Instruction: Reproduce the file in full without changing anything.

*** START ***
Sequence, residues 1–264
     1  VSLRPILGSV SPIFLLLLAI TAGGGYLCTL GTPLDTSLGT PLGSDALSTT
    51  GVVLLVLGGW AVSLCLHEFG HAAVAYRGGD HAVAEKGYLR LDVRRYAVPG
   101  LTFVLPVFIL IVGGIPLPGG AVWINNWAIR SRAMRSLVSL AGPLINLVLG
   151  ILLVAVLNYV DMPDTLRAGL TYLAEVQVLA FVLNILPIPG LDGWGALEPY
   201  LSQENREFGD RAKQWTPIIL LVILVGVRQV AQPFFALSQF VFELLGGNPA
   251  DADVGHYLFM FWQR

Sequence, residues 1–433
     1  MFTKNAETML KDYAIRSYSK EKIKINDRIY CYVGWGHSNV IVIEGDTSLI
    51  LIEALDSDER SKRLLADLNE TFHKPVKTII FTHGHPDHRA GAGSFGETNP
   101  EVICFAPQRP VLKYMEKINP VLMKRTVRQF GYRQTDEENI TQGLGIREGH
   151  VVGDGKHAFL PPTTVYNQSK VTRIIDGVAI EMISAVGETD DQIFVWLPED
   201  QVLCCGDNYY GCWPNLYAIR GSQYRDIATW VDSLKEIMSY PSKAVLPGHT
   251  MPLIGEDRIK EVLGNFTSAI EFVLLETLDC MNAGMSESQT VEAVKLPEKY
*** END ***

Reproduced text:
Sequence, residues 1–264
     1  VSLRPILGSV SPIFLLLLAI TAGGGYLCTL GTPLDTSLGT PLGSDALSTT
    51  GVVLLVLGGW AVSLCLHEFG HAAVAYRGGD HAVAEKGYLR LDVRRYAVPG
   101  LTFVLPVFIL IVGGIPLPGG AVWINNWAIR SRAMRSLVSL AGPLINLVLG
   151  ILLVAVLNYV DMPDTLRAGL TYLAEVQVLA FVLNILPIPG LDGWGALEPY
   201  LSQENREFGD RAKQWTPIIL LVILVGVRQV AQPFFALSQF VFELLGGNPA
   251  DADVGHYLFM FWQR

Sequence, residues 1–433
     1  MFTKNAETML KDYAIRSYSK EKIKINDRIY CYVGWGHSNV IVIEGDTSLI
    51  LIEALDSDER SKRLLADLNE TFHKPVKTII FTHGHPDHRA GAGSFGETNP
   101  EVICFAPQRP VLKYMEKINP VLMKRTVRQF GYRQTDEENI TQGLGIREGH
   151  VVGDGKHAFL PPTTVYNQSK VTRIIDGVAI EMISAVGETD DQIFVWLPED
   201  QVLCCGDNYY GCWPNLYAIR GSQYRDIATW VDSLKEIMSY PSKAVLPGHT
   251  MPLIGEDRIK EVLGNFTSAI EFVLLETLDC MNAGMSESQT VEAVKLPEKY